Migratory Birds & Flyways
Bird migration is one of the great wonders of the natural world. A huge variety of birds make the journey: the tiny Rufous Hummingbird migrates up and down the North American continent, while the Arctic Tern, BirdLife’s emblem, migrates from pole to pole. In fact, roughly one in five bird species migrate.
Birds know no borders
Migration is a huge feat of endurance requiring great strength and stamina. However, today birds face additional threats caused by human activity. Hungry, exhausted birds may arrive at a stopover site, only to find that it has been destroyed by farming or urbanisation. Every year, millions of birds are illegally killed by hunters, or collide with man-made structures such as powerlines. And climate change is causing habitats to shift or disappear.
When travelling between their breeding and wintering grounds, birds don’t choose their paths at random. They follow set routes that include suitable habitats where they can stop to rest and refuel along the way. Many different species share broadly similar routes, which have been loosely split into eight major flyways – think of them as bird super-highways across the sky. BirdLife links together conservation organisations in countries along the length of the flyways, combining resources and coordinating action to protect birds on every step of their route. Our Flyways Programme focuses on protecting birds across all major global flyways.
Americas Flyway: three flyways that connect North America with Caribbean and Central and South America
African-Eurasian Flyway: three flyways that connect Europe and northern Asia with Mediterranean, Middle East, and Africa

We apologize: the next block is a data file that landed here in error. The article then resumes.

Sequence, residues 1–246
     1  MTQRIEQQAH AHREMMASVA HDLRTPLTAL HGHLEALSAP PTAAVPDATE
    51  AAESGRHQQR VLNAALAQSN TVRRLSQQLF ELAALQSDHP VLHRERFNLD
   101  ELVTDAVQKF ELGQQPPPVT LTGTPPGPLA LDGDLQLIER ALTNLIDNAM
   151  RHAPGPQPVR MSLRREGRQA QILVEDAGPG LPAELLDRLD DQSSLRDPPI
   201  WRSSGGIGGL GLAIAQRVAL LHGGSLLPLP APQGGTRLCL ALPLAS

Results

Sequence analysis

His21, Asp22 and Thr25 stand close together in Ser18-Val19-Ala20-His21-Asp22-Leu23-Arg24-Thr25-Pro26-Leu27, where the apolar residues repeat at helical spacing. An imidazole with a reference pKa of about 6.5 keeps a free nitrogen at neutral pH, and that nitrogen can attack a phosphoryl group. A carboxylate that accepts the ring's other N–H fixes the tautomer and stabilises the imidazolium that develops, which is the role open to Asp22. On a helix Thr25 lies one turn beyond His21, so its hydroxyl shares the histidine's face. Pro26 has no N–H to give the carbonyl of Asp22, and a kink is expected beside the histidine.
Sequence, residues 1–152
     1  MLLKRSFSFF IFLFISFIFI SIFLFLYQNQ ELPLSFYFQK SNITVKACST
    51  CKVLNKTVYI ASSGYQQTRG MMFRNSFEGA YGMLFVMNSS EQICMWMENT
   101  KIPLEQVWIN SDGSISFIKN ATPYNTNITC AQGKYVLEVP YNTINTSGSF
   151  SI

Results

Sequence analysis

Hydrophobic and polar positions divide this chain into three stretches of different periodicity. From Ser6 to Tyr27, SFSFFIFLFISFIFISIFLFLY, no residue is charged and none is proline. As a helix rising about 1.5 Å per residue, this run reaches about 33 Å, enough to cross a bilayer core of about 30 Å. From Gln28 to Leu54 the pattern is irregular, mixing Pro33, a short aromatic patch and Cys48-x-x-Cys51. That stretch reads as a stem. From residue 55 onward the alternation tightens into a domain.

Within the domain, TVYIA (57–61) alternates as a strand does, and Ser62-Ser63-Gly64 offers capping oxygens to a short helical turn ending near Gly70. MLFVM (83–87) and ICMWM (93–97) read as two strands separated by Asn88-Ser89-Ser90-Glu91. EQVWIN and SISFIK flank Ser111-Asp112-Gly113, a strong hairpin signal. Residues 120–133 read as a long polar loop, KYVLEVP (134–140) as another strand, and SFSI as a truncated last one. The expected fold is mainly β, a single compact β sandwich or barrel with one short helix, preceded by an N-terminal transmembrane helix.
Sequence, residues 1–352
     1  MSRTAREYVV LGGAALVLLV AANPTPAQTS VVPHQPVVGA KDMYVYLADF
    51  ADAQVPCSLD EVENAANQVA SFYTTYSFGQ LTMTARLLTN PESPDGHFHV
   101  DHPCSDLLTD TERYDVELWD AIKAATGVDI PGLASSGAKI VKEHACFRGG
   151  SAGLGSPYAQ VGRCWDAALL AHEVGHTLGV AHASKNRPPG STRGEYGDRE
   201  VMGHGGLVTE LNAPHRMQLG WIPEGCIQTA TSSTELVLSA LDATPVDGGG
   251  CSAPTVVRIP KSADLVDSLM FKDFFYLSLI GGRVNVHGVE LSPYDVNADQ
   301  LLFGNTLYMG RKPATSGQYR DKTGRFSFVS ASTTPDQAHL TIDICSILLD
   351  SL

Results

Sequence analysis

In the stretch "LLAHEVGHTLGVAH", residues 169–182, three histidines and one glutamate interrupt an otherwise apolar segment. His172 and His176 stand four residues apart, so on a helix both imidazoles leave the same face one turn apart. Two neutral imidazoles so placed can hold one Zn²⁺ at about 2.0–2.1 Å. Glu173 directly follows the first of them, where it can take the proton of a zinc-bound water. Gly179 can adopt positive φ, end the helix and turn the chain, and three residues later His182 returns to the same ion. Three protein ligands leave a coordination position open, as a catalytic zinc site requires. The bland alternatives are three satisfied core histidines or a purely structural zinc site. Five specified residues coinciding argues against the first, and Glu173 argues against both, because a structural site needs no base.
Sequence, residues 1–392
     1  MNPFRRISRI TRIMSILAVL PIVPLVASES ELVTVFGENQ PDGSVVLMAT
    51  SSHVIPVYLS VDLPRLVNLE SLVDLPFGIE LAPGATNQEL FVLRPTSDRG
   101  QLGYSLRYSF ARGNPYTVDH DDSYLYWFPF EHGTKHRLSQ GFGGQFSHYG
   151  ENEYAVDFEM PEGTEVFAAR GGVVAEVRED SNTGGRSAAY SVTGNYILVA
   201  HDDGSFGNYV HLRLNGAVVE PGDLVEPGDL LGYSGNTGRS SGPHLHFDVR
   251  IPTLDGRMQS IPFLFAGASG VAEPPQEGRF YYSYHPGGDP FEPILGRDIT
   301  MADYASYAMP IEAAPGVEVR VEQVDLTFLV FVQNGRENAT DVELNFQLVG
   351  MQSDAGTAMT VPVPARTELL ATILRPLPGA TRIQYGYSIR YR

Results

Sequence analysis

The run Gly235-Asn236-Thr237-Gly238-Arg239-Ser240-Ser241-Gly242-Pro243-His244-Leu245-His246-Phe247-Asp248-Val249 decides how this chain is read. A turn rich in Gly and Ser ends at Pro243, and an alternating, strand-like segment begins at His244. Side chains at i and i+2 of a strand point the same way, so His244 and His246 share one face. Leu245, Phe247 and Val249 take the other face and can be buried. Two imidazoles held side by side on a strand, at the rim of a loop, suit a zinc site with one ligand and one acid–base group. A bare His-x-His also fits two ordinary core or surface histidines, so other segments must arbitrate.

Central Asian Flyway: connects northern Asia with southern Asia and Middle East
East Asian-Australasian Flyway: connects north-east Asia with south-east Asia, Australia and New Zealand.
For more information about the Flyways consult the BirdLife DataZone: The Flyway Concept
The key aims of this programme are:
- To save threatened migratory species from extinction by addressing main threats and conserve key sites and habitats which will be beneficial to a wider set of migratory species.
- To address landscape-scale barriers to migration, especially illegal and unsustainable killing of birds and the proliferation of poorly-planned energy and power transmission infrastructure.
- To conserve networks of critical stop-over sites through action on the ground by our Local Conservation Groups.
- To strengthen local and national capacity in the stop-over sites by strengthening the collaboration between BirdLife Partners.
- To understand and address the wider land-use issues facing migratory birds through targeted research and policy work.